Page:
Rio de Janeiro, carnival capital of the world
Carnival occurs every year in Catholic countries around the world, but celebrations in Rio de Janeiro take it to another level. The Rio carnival is the biggest in the world, attracting around 500,000 visitors each year.
Zika virus not spoiling the party
Despite the Zika virus epidemic, thousands of tourists gathered in Rio for this year's carnival celebrations, which come to an end on Tuesday.
Rio's unique celebrations
Carnival is a wild five-day party celebrated before the beginning of Lent, when Catholics are supposed to abstain from all bodily pleasures. The concept of carnival was first introduced by the Portuguese in 1850. Over the years, traditions in Brazil acquired elements from African and Amerindian cultures, making Rio's carnival celebrations among the most distinctive in the world.
The samba schools are key to Brazil's carnival celebrations, with each school representing a particular neighbourhood, usually a working-class favela. Each school's parade is highly organized, involving thousands of singers and dancers decked out in elaborate costumes.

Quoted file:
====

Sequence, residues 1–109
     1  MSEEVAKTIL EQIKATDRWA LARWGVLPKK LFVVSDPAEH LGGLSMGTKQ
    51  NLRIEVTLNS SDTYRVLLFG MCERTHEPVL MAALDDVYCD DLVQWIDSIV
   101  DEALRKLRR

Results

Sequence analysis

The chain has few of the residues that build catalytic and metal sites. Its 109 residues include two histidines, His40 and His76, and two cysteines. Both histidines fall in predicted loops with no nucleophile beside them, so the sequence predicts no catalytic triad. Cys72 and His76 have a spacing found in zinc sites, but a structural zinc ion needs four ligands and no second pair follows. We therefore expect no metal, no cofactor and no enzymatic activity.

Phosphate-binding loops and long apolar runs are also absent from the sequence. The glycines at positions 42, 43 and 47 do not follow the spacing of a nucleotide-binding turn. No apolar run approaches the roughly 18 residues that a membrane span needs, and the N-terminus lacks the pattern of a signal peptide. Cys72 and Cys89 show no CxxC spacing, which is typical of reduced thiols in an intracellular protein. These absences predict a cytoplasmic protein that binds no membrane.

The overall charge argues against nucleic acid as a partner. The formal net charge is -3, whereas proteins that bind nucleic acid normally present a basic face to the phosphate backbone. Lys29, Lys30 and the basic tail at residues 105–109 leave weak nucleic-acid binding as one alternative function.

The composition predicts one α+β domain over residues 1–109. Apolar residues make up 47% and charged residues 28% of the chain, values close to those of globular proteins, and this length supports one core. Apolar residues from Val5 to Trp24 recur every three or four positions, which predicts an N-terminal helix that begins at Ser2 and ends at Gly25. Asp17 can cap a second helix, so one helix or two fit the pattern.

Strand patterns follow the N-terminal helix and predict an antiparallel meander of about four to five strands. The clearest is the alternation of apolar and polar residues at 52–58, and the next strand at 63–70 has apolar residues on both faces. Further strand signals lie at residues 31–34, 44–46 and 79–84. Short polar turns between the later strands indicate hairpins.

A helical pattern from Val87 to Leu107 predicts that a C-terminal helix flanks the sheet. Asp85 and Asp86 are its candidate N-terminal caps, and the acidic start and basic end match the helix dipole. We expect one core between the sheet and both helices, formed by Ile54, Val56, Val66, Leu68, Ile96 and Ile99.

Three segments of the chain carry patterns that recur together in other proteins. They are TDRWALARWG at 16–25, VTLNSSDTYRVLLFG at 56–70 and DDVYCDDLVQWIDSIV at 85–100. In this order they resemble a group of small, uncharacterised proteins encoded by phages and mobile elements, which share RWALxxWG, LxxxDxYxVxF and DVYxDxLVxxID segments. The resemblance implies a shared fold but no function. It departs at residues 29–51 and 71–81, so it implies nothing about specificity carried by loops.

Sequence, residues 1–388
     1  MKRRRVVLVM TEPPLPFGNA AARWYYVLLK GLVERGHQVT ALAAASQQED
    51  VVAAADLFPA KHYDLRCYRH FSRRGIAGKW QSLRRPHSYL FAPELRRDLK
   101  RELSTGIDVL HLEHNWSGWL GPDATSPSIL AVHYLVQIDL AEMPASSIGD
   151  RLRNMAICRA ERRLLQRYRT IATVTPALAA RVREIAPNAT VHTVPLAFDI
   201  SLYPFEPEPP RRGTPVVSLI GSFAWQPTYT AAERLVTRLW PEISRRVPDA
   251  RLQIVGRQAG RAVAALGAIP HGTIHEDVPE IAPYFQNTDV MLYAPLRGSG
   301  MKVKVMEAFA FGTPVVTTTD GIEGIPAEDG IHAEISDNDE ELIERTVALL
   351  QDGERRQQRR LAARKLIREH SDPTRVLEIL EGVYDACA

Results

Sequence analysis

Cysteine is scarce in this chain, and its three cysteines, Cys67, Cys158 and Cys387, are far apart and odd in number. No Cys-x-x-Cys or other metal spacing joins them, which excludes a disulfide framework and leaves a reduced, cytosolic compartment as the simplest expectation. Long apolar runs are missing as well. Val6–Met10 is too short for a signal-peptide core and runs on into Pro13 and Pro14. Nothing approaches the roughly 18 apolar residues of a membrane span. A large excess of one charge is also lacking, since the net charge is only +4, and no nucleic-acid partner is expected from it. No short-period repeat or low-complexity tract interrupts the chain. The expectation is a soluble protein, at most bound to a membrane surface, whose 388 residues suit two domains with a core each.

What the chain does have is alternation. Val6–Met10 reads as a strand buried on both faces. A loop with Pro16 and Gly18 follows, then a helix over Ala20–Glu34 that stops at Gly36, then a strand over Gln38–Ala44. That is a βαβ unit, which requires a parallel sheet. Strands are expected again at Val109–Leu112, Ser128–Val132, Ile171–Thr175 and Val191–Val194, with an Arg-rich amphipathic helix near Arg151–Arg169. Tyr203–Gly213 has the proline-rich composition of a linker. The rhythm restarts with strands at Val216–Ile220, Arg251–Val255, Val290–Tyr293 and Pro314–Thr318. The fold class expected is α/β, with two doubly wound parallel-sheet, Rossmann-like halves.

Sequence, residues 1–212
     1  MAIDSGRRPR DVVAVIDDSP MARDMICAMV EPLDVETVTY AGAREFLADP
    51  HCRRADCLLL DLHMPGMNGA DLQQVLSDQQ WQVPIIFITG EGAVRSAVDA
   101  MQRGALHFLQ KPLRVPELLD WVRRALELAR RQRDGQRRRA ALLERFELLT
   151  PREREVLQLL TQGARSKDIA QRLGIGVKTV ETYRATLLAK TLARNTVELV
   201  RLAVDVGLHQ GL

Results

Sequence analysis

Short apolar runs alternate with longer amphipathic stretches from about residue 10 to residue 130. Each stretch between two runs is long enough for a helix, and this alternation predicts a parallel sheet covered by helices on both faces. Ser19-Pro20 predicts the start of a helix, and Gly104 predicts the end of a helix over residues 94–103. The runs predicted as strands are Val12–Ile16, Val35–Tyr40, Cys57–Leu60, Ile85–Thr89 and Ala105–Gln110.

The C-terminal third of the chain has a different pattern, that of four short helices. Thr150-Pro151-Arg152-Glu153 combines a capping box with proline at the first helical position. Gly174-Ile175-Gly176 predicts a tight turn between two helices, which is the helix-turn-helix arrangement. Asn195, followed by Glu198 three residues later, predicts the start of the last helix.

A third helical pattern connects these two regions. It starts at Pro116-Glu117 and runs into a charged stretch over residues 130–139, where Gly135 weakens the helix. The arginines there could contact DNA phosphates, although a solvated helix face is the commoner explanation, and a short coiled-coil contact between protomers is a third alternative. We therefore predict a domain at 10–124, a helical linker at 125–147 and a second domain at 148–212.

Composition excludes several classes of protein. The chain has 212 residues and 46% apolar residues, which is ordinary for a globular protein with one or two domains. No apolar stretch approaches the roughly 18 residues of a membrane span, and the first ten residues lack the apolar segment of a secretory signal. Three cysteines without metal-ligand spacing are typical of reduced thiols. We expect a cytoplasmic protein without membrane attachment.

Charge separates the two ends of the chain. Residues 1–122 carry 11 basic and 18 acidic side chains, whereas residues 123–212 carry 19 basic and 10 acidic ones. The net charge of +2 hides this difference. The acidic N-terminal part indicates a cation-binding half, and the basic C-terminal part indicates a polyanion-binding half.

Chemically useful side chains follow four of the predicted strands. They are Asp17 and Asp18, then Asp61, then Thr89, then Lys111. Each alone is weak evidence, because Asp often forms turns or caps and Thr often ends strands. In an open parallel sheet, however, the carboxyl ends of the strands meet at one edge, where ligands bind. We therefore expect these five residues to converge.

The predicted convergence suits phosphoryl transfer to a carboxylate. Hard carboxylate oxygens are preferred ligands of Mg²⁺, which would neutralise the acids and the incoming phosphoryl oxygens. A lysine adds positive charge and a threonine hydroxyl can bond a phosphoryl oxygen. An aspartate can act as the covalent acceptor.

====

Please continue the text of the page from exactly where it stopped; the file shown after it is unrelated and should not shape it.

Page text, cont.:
A highlight of the Rio carnival is the Samba parade, a fierce competition between Rio's samba schools. Preparations for the parade begin months in advance, with each school choosing a theme and a song as well as designing their own costumes and floats.
Street bands and block parties
Block parties take place throughout towns and neighbourhoods in Brazil during carnival. Here, people participate in an annual block party known as Ceu na Terra (Heaven on Earth) on Feb. 6, one of many parties in the neighbourhoods of Rio de Janeiro.
Every neighbourhood in Rio has its own carnival street band (or bands) to take part in huge processions. People gather at a well-known spot, like a square or a local bar before the band leads a parade full of samba revellers dressed in costumes and bathing suits, some even in drag. This town's carnival is far from the glitz and glamour of Rio de Janeiro's famous Sambadrome parades.